Video evidence of the execution of a Will does not guarantee its validity. In the case of Tucker v. Tucker Estate, 2009 CANLii 1664 Ont. S.C., the court dealt with a situation where the deceased’s execution of her Will and the witnesses’ confirmation were videotaped. The court reports that the videotape showed that: (a) the deceased had signed the Will; (b) that she had read it out loud; (c) it was the same wording as the handwritten Will that was being contested; (d) the witnesses signed the same paper in the presence of each other and the deceased; and (e) the witnesses were present for the signature of the Will. Based on the foregoing, the Will appeared to have met the formal requirements for the due execution of a will.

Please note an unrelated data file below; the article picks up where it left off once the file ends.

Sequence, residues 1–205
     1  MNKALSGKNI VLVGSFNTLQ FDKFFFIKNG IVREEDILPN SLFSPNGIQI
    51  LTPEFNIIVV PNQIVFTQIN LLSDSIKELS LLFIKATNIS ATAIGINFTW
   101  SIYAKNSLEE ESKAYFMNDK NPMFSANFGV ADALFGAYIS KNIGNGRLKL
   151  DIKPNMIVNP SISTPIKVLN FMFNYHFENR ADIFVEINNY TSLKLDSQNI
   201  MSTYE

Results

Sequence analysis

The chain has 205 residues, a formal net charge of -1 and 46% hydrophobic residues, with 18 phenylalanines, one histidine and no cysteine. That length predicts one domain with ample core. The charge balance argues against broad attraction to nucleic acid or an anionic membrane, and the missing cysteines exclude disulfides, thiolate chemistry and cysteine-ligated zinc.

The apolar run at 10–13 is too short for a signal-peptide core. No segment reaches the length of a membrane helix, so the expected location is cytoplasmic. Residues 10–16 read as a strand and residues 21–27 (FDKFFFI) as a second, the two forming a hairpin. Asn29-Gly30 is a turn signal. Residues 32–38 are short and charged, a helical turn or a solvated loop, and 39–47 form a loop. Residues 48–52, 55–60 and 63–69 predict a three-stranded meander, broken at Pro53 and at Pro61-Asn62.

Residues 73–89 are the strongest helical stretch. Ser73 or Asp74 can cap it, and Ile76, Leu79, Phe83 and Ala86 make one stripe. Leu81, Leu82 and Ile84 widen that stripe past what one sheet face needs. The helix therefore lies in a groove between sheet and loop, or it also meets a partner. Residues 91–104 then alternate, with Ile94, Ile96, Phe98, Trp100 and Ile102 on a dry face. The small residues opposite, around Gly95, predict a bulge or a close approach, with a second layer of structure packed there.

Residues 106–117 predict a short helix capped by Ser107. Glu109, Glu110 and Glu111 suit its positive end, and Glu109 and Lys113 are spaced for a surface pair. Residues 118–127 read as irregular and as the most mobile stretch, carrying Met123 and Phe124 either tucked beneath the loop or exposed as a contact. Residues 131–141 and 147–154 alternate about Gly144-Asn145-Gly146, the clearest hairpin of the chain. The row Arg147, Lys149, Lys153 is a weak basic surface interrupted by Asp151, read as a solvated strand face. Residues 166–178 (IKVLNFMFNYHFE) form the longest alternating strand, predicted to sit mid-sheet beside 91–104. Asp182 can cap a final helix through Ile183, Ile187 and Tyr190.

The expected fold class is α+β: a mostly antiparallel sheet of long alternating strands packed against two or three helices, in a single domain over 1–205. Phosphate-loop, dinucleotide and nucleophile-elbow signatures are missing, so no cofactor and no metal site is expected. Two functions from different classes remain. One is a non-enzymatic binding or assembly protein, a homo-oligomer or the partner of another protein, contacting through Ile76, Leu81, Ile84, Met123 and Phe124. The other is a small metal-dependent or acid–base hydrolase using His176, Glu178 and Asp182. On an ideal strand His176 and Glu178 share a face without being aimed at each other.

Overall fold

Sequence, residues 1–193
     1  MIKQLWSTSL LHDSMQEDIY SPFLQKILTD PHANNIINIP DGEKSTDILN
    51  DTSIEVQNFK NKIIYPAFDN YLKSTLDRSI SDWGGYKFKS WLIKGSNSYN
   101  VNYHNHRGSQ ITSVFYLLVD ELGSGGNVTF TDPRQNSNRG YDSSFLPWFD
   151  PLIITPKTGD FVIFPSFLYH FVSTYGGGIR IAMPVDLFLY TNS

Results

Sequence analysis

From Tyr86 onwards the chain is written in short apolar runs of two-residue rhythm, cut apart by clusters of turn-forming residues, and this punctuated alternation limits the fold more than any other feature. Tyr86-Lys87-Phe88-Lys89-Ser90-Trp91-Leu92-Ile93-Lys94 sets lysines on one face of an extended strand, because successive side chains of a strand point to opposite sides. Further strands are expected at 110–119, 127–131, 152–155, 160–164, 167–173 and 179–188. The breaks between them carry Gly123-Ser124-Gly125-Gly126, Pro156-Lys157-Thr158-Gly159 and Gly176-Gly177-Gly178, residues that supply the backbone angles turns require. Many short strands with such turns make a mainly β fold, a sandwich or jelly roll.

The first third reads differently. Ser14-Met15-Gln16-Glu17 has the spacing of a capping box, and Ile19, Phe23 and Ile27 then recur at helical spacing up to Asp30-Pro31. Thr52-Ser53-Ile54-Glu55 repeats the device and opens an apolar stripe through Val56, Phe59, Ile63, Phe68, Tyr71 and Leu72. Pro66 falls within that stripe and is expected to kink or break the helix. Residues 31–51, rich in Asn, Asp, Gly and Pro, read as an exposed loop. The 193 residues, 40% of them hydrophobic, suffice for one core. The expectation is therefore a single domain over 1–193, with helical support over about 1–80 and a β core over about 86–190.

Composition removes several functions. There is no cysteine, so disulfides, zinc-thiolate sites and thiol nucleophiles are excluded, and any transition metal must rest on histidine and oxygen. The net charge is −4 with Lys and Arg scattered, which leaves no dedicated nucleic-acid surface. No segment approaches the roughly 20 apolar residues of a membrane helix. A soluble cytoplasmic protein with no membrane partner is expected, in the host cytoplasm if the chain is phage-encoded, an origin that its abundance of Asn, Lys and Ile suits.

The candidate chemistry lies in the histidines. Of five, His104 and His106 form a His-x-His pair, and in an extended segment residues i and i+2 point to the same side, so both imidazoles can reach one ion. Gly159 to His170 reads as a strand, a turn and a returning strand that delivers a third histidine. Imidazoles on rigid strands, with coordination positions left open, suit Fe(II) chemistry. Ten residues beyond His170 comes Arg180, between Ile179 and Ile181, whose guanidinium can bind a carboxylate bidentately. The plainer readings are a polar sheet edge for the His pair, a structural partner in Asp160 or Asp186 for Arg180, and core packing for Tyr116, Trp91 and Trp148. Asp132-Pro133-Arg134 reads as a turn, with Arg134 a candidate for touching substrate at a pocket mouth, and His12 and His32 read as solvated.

The court stated that, on its face, the video would indicate and support the presumption that the deceased knew and approved of the contents of the Will and had the necessary capacity because the video was able to show that the Will was duly executed with the requisite formalities after having been read over to or by the deceased who appeared to understand it. However, the court found that, based on the totality of factual evidence before the court, the circumstances were suspicious, and these led the court to question capacity. The court found undue influence and had a strong concern for a lack of testamentary capacity based on the circumstances surrounding the Will. Ultimately, the court found that the plaintiff could not show that the deceased had the requisite testamentary capacity to execute the Will, and the evidence in all the circumstances led to a clear inference of undue influence upon her sufficient to meet the burden of the defendant on a balance of probabilities. The court therefore determined that the Will was not valid.The case reminds us of the importance of context in considering the validity of a Will, and the circumstances surrounding the drafting and execution of a will.